Coordinated healthcare, getting the incentives right?
The Norwegian government has passed a reform for coordinating the activities of the health sector in the future with the goal of providing cohesive patient pathways. This reform is especially meant for patient groups who rely on assistance from multiple providers in a coordinated and rational manner. The reform measures are intended to facilitate effectively coordinated treatment without patients being burdened with the additional worry of navigating through the healthcare system in order to get adequate help. The policy is designed to facilitate cooperative behavior between service providers in collaboration with patients and their organizations. Since there is no obvious reference to an explicit theory of coordination, this thesis asks what implicit social theory underlines the concept of coordination in the Coordination reform. A document analysis of two public documents namely, NOU 2005:3 and St.meld.nr.47 is the approach adopted for answering this question. The documents are analyzed from the perspective of Habermas or coordination via deliberative decision making, rational choice and a scientific concept of cooperation as proposed by Benkler (2009). The implicit theory behind coordination as it appears in the documents is important because it reveals what assumptions policy makers have about actors and which measures will be effective in facilitating cooperation and coordinated action towards optimal outcomes for patients. Of special interest here is if this policy design makes use of an alternative theory to the standard economic model of rational man as might be expected of a New Public Management reform. The implicit assumptions are vital because proposed measures lay the foundation for an institutional framework that in varying degrees will allow genuine cooperative behavior to flourish.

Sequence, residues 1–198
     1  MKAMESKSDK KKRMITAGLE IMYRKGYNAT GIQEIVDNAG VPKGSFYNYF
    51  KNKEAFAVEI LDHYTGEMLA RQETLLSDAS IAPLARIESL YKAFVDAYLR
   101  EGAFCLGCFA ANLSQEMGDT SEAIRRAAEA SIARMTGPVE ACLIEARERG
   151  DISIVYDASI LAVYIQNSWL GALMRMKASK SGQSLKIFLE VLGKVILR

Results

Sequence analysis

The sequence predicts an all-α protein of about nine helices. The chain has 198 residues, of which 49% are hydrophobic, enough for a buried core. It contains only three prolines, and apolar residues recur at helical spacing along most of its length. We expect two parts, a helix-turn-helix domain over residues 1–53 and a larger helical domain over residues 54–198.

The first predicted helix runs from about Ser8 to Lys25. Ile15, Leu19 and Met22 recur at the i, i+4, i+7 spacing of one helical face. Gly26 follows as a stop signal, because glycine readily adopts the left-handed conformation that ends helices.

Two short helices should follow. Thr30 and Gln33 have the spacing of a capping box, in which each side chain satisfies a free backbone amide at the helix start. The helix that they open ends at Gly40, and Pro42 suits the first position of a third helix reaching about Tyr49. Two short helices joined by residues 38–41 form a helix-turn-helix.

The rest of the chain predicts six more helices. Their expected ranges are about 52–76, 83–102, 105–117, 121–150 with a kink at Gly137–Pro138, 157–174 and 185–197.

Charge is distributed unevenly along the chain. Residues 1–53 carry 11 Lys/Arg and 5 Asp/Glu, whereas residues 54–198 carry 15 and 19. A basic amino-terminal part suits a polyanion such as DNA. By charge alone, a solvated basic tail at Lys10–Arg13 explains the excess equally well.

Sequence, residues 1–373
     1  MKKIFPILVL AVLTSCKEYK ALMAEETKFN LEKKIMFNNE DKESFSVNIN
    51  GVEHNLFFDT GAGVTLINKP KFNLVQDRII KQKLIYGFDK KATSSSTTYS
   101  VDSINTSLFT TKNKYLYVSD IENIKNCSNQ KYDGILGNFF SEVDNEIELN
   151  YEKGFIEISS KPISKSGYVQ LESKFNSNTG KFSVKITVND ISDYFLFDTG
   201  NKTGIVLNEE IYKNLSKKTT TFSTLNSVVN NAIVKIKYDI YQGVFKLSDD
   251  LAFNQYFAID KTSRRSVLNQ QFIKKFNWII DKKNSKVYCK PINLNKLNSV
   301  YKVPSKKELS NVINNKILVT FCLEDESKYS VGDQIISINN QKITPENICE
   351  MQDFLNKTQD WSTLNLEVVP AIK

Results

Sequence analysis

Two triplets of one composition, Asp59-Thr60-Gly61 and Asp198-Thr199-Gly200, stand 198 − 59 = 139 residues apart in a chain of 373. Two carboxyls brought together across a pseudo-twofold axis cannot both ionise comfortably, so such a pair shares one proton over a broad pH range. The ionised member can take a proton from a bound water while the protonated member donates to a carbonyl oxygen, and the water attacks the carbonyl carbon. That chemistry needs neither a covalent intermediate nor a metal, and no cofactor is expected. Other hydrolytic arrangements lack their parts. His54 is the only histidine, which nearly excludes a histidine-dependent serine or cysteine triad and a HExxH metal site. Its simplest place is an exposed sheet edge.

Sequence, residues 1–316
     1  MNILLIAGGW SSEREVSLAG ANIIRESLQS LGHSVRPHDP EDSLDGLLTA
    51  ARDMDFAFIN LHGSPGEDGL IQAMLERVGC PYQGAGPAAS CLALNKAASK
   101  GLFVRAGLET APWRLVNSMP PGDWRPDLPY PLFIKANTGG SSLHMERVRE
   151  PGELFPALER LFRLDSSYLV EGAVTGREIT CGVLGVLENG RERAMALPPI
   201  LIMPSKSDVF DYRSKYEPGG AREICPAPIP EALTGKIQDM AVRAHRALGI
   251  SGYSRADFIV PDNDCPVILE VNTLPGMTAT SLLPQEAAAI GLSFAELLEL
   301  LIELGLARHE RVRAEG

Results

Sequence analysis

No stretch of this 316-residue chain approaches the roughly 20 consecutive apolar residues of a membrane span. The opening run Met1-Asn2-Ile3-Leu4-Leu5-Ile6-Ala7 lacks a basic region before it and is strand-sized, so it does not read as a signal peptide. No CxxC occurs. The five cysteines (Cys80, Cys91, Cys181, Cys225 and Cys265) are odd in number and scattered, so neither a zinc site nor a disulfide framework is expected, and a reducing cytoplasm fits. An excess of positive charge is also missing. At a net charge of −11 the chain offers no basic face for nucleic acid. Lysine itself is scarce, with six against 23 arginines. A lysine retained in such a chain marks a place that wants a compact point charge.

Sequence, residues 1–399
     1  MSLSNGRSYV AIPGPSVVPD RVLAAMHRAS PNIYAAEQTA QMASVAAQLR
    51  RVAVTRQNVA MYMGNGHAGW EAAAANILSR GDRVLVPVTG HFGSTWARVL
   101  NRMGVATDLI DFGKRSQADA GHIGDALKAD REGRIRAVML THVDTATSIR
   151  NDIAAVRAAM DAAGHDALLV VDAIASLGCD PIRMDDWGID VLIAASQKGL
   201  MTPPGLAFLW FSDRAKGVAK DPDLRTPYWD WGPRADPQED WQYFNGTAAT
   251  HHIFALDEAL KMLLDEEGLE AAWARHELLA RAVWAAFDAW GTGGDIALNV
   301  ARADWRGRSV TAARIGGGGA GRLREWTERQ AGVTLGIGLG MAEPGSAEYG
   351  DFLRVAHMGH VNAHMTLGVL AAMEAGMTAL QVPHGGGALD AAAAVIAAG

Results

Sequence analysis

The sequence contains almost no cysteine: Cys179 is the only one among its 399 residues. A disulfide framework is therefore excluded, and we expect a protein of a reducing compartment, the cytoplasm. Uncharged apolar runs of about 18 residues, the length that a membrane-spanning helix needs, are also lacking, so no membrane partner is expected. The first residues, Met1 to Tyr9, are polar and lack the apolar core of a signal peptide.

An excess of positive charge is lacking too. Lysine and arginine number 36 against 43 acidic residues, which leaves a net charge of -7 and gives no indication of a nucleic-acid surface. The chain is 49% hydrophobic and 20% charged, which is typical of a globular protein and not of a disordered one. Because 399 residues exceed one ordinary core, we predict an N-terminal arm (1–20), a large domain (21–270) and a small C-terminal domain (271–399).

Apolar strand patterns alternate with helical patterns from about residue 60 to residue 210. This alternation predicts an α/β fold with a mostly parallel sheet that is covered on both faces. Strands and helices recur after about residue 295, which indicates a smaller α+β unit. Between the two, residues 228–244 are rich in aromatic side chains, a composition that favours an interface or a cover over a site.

PublisherUniversitetet i Tromsø
University of Tromsø
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